Abuse impacts our lives. In order to get free of our past, we must forgive ourselves. To do that we need to examine ways that we’ve reacted to our abuse, ask God for forgiveness, and then accept that we are forgiven and redeemed. We can let go of the shame and begin to see ourselves as worthy of love and joy. Shame does not have to bind us and color our actions.
Four lies we believe about abuse.
1. The abuse was my fault.
I used to believe that something I was doing caused him to hurt me. My mother knew about my abuse and told me that I shouldn’t give my father kisses or go over to the couch when he called. The problem was, had I disobeyed him, he would have beaten me. But I blamed myself for what he did and tried to figure out what I could change to stop the abuse.
The truth is, the problem is with our abuser, not us. Our abusers are so caught up in lust they have no awareness of the deep pain they inflict. A parent is supposed to love their child and make them feel special, not abuse them.
2. If I was perfect, he wouldn’t have abused me.
I used to say, “If only I got straight A’s. If only I knew what he wanted. If only I were a better daughter, he wouldn’t abuse me.” If I could just figure out what I was doing wrong, my father would love me and quit hurting me. I could never meet the high standards I set for myself and used my failures to justify my father’s actions. I also believed a Father God couldn’t love me because of my imperfections.
The truth is, my failures did not cause my father to abuse me. He made that choice with his own free will. And God loves us just as we are. We don’t have to jump through hoops, be perfect, or do anything to deserve His unconditional love. I was scared of that love for a long time. It was too good to be true, but He knows our weaknesses and loves us in spite of ourselves.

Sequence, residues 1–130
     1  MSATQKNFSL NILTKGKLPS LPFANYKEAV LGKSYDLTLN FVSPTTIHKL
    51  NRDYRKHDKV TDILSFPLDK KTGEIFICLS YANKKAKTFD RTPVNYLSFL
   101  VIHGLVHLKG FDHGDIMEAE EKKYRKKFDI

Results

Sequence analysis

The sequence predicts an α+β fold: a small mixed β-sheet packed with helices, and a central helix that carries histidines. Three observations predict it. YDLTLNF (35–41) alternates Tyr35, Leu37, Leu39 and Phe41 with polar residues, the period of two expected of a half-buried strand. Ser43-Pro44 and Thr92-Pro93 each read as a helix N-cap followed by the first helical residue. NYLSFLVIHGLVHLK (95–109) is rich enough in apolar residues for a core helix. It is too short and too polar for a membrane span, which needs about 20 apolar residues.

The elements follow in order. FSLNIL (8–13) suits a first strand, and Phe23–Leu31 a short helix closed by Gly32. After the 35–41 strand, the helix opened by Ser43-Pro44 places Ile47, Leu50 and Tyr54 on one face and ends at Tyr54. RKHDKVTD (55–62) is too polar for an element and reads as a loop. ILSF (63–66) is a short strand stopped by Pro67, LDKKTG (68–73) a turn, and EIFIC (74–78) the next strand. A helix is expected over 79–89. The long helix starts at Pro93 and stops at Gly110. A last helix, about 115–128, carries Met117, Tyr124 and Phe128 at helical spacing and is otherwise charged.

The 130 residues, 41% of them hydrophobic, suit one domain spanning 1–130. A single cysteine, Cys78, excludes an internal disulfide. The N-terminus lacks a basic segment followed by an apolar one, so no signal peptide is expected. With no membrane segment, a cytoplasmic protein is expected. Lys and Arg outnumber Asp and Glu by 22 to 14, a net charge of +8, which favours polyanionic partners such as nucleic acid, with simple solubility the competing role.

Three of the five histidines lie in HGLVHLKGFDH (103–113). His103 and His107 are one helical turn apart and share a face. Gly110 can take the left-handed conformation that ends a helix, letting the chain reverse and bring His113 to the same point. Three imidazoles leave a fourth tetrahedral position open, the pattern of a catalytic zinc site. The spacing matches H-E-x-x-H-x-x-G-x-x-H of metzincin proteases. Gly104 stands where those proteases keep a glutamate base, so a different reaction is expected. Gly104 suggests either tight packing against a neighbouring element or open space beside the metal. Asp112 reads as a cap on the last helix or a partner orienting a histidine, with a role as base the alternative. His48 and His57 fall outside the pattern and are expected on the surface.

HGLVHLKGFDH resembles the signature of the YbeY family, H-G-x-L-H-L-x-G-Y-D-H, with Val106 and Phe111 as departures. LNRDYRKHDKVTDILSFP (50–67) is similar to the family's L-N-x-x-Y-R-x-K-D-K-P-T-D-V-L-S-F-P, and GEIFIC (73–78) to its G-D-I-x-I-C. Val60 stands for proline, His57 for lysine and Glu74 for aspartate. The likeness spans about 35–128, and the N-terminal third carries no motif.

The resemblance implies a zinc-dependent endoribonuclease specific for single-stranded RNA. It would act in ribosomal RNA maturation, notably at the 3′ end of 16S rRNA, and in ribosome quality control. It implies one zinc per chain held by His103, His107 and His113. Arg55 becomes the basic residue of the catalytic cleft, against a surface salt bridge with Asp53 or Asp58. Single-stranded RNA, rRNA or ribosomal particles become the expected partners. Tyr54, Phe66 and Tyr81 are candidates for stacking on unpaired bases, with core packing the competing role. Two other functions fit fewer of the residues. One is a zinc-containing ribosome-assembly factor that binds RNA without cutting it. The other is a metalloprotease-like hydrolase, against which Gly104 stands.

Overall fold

3. I am the only one who was abused.
I used to look at others in my elementary school classes and wonder what was wrong with me that my father molested me. I believed I was different from my classmates. They detected my insecurity and teased me which increased my shame. I figured no one else in my class had a parent who abused them.
The truth is, one in four people are abused. Shame keeps us from finding out that truth and we hold hurt inside, turning our shame against ourselves. We aren’t alone. When we share our abuse, we find that many people live happy and fulfilled lives in spite of the abuse they received. This gives us courage to make positive changes in our lives and overcome the pain. As we heal, we can encourage others who have been hurt.
4. Because of my abuse, I’m ruined goods and might as well act that way.
When my father first came into my bedroom he said, “You are so stupid, dumb, and ugly, no man will ever want to marry you, so I’m going to teach you to put out so that you can at least get a man.”
I believed his lies and acted on them. His words became self-fulfilling prophesies. I was sexually promiscuous, used drugs and alcohol, and was suicidal. Hurting myself did nothing to relieve the pain and only increased my shame.
The truth is, what our abusers did to us does not have to control our futures. We can choose to change the patterns of our past. We can choose to make wise decisions with our lives.
Fortunately, when we accept Christ into our lives, our sins are forgiven. There are many who were abused and turned to God, not acting out in sin. But, if we made mistakes in our past, we are not ruined for life. God is the restorer. We have the choice to turn to God and have Him help us bring our life back in order. Yes, there are some actions that have repercussions, but God has done remarkable turnarounds in lives far more damaged than ours.
Questions for consideration:
What lies about abuse have you believed?
What is the truth about those lies?
Thank you for reading with me. I pray your day is blessed.